The major religion in the Philippines is Roman Catholic Christianity, followed by an Islam and other Christian minority. In the Philippines, all religions are protected by the law, and no one religious belief is given priority over any other. Below is an overview of the largest religions in the country.
Roman Catholic Christianity - 70%
Roman Catholicism is the largest religion in the Philippines. This religion was first introduced through the Portuguese explorer Ferdinand Magellan in the early 1500s. Magellan, whose original destination was Spice Island, arrived on Cebu Island in Philippines due to a missed route. He then proceeded to make Roman Catholicism a state religion by first converting the Chief of Cebu, and several hundreds of his followers. Today, a large majority of the population of the Philippines - around 70% - identifies as Roman Catholic.
Protestant Christianity - 17%
Protestant Christianity is the second largest religious group in the Philippines. Evangelical Protestantism was introduced into the Philippines by American missionaries after the Spanish-American War between the late 18th and early 19th Centuries. Some Protestant groups which are affiliated with the Philippine Council of Evangelical Churches (PCEC), however were established locally, without any foreign influence.
Islam - 5 to 10%
Islam is the third largest religion in the Philippines after Catholicism and Christianity. The religion existed in the region for around a century before the spread of Christianity. Islam first spread to Simunul Island in the Philippines through foreign trade with countries such as India. Specifically, it was the Islamic cleric-Karim ul' Makhdum who first introduced the religion to the area. Subsequently, he established the first mosque on the same Island, which is today, the oldest mosque in the country.
Iglesia ni Cristo (Philippine Church of Christ) - 2%
Unlike other religions in the Philippines which spread through external influences, the Philippine Church of Christ originated from within the country itself in the early 19th Century. The religion was founded by Felix Manalo Ysagun, who claimed that this sect was the true religion of Christ, and all other Christian groups were not. This Church believes in the power of scripture and a supreme God in a fashion similar to other Christian denominations, but rejects the doctrine of Trinitarianism which is common among other groups.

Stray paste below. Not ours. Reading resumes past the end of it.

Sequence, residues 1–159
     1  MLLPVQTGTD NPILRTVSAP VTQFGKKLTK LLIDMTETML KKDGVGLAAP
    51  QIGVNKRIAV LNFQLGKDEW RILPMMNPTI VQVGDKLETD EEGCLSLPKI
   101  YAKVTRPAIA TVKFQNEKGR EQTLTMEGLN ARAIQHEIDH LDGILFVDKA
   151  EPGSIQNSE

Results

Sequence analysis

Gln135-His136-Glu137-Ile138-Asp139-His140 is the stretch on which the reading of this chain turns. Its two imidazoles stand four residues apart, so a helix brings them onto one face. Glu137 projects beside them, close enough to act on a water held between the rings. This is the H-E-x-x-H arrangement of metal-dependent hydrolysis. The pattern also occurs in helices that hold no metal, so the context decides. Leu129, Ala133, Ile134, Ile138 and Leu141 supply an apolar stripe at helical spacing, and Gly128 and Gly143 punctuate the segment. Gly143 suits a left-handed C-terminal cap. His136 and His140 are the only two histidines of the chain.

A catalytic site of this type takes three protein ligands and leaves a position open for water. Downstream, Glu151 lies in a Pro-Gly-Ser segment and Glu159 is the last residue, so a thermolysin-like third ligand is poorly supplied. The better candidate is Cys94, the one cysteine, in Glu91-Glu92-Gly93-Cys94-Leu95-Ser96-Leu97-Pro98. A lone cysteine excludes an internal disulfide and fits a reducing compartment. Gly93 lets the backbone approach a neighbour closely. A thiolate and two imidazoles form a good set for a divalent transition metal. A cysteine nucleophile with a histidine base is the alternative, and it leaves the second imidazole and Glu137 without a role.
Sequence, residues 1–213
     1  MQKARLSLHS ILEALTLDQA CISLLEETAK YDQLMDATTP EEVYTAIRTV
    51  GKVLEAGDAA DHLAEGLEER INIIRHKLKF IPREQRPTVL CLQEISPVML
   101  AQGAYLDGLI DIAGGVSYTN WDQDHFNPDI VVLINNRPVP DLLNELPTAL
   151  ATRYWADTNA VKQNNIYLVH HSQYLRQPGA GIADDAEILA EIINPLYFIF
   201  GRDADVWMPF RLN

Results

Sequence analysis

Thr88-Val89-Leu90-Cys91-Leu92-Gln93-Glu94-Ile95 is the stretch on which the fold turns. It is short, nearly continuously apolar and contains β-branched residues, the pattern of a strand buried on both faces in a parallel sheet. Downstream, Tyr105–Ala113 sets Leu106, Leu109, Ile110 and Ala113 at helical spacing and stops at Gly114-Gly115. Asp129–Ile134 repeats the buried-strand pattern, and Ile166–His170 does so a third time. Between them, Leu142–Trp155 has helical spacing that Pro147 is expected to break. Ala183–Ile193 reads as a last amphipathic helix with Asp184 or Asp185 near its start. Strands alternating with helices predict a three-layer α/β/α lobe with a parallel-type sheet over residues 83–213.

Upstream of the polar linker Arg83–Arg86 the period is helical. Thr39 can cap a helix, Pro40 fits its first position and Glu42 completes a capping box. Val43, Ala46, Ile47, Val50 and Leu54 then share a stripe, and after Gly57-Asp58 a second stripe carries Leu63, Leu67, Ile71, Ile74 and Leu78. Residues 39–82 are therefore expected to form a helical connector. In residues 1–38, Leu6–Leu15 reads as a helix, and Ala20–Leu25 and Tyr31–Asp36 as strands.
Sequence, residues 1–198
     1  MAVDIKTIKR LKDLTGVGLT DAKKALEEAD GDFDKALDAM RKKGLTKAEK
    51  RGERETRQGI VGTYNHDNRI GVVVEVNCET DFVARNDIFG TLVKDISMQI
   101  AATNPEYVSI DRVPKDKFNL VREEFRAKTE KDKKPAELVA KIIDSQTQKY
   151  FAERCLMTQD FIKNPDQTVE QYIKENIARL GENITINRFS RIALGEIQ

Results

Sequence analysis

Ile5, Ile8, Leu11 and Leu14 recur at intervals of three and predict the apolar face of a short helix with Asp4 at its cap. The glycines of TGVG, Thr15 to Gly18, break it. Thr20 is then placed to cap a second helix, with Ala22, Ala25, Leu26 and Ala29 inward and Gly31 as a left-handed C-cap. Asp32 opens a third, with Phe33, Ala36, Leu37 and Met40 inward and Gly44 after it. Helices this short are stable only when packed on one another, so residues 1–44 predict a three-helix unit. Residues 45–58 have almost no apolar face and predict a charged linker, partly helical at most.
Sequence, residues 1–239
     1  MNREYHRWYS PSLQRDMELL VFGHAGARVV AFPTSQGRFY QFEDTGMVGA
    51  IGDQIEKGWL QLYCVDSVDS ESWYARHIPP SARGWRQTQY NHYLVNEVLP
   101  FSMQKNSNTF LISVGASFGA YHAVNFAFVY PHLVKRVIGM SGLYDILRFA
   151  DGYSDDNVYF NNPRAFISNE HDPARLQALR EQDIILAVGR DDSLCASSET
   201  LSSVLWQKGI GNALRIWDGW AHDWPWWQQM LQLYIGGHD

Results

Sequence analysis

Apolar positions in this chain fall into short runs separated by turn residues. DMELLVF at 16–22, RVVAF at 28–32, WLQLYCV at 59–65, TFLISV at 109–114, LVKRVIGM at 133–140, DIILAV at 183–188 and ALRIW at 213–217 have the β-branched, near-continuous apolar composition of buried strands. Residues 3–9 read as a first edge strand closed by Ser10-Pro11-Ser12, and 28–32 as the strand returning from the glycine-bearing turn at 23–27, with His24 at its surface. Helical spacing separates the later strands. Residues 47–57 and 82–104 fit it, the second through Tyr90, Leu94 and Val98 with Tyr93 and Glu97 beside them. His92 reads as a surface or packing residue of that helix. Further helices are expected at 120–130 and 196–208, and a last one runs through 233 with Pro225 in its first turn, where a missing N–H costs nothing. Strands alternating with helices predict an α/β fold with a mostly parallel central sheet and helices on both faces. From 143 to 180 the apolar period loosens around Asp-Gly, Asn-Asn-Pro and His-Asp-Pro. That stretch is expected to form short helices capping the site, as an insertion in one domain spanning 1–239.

Buddhists - 2%
The time Buddhism first spread into the Philippines is unknown for the most part, although archaeological records point towards the 6th or 7th Century. Through sea trade with the Srivijaya Empire of India which was predominantly Buddhist, Vajrayana, a form of Buddhism became introduced in the Philippines. The adherents of this religion are primarily Chinese, Filipino-Chinese, Japanese, and other Asian or Middle-East groups residing in the country. Buddhists do not believe in a creator God in the same fashion Christians do. The main beliefs include suffering which is inherent in human existence, impermanence of everything in the world, and the absence of a permanent soul. Buddhism has had linguistic influences on Filipino culture as the origin of some words can be traced to Sanskrit and Pali which are Buddhist languages.
Other - 6.6%
Other minor religions in the country include Hinduism, Judaism, the Baha'i Faith, Indigenous Beliefs, Other Christians, and Atheists.
Indigenous traditions predate the colonial religions of Islam and Christianity in the Philippines. The most predominant views are that of animism, which is the belief that even non-living entities such trees and plants have spirits. Indigenous religions are characterized by worship of various deities, as opposed to the monotheistic religions. With regards to influence, other religions, even the predominant Roman Catholic, have adopted animism in combination with their own beliefs. This blending is known as religious syncretism.
Other Christian groups in the country include Jehovah's witnesses, Latter Day Saints, Assemblies of God, Seventh-day Adventists, and numerous others. These groups were started either locally, or introduced by international Missionaries. Some beliefs are common to mainstream Christianity, but there are also a host of differences. For instance, Jehovah's witnesses also reject Trinitarianism, and the Latter day Saints believe in Salvation for the dead. Influences of these religions are mainly not on the wider society, but adherents of these religions. For instance, Jehovah's witnesses do not receive blood transfusions no matter how critical their health is.
Religious Beliefs In The Philippines
|4||Muslims||5 to 10|
|5||Iglesia ni Cristo||2.0|